Why did players back Sylvanas committing genocide? And by genocide, I mean the death of other fictional beings. But lets not kid ourselves into thinking just because the deaths were not real that we have card blanche to not care. When a character in Final Fantasy XIV’s latest expansion, Shadowbringers, stated that he viewed our characters, our NPC allies, and every other sentient person in the world as “Sub-human” and thus paid their potential deaths as no concern as an obstacle to his grand plan – there was some serious talk going down in the Final Fantasy fandom about this. Namely about how a character who wants to commit genocide gets painted fairly sympathetically in the end. A lot of people were not comfortable with that. Some people didn’t have an issue with that. Others were downright thirsty for the guy and that also raised a lot of questions.

My point being that the lives lost being ‘fictional’ isn’t an excuse to hand waive being okay with genocide. So what is it then? Well, at the risk of sounding like a senior who votes straight conservative on every election: That’s their team. Let me explain. The World of Warcraft has probably more than any other MMORPG that I can recall played heavily into the concept of ‘Faction Pride’ that whether you chose Alliance or Horde says something about you and indeed is something other players will judge you for. From Battle for Azeroth‘s ad campaign that pitted red hooded Horde players against blue jersey’d Alliance players, to stories of random jokes of saying “/spit” to a player of the opposite faction you bumped into the bus, all the way to Blizzard themselves egging on each faction at the start of every Blizzcon. Warcraft is built on your faction identity. No other aspect of your character is so publicly identified. The roots of backing your own faction dates to the earliest incarnations of vanilla WoW, where I distinctly recall heated arguments over Horde favoritism vs Alliance favoritism from the developers when it came to racial abilities, zone quests, and of course battleground layouts. You are the faction you choose to main.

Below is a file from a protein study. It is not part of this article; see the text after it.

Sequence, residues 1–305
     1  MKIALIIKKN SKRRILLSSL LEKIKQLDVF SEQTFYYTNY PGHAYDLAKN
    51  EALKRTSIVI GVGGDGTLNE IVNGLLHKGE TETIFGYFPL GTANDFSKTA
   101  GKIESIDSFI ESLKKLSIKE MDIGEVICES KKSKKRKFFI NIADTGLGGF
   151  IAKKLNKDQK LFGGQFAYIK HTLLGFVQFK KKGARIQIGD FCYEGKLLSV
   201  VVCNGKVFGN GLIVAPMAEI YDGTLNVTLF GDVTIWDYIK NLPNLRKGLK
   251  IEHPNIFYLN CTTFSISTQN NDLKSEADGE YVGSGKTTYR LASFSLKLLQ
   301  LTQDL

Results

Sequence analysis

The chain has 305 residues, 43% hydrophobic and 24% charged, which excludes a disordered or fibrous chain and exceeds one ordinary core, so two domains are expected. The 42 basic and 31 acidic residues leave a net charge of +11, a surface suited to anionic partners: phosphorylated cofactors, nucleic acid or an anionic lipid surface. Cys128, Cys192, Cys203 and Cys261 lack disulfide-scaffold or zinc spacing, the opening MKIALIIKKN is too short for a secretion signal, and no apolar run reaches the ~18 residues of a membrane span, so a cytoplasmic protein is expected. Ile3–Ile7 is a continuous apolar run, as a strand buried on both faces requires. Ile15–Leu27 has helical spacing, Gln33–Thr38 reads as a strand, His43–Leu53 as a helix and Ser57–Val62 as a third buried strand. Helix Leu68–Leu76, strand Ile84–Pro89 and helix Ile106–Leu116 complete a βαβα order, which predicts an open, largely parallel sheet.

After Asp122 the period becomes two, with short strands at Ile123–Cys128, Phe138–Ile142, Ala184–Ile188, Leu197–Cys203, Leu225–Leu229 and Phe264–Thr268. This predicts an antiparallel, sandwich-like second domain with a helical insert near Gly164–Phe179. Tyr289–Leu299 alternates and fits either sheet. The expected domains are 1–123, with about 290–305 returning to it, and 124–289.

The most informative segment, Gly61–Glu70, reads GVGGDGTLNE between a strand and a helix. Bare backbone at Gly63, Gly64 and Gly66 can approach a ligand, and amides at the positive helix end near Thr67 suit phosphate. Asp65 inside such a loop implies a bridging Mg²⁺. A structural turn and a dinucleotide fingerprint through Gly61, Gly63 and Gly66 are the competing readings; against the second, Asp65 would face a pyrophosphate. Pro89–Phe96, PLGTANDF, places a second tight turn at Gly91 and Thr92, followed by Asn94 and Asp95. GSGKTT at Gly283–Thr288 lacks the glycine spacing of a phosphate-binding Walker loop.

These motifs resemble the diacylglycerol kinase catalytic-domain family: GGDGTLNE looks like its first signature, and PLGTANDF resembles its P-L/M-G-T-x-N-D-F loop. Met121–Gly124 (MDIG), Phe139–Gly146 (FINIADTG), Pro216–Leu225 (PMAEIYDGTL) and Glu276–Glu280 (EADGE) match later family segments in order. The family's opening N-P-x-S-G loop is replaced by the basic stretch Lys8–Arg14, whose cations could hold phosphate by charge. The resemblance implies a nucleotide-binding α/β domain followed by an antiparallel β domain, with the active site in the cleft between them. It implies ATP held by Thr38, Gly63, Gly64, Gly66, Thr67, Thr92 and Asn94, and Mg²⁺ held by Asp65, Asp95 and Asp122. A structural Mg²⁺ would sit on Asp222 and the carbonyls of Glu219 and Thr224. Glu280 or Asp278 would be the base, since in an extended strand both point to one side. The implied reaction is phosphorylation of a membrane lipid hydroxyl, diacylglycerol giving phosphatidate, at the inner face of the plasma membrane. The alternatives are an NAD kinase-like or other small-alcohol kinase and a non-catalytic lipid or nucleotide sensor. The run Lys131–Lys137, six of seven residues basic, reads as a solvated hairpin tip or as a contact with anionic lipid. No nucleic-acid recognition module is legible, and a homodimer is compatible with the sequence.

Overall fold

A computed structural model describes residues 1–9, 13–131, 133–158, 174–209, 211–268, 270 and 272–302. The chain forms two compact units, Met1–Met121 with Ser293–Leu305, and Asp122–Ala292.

So when it was announced that 23,000 people were murdered by having their homes burnt to the ground, it’s entirely likely that a lot of Horde players just heard “Warchief kills 23,000 Alliance in a single blow” and didn’t care much beyond that. It’s horrific, right? But who cares – your team won. If they don’t like it, that’s just typical Alliance whining again. How many Horde soldiers have died to the crappy defenses in Alterac? Alliance will just complain the moment something doesn’t go their way because Blizz spoils them. Sometimes they’re joking, and sometimes not. So is just that Horde players are bad? Not at all. It goes both ways. After all, would the Burning of Teldrassil been such a narrative victory for Horde players if they hadn’t just come out of switching/killing/watching their various warchiefs die multiple times? Hell, Voljin did jack all considering we were in an alternate timeline for his entire time as Warchief. Ultimately, the problem and the cycle that it perpetuates is one not of one side getting different or better treatment but of Faction Pride itself.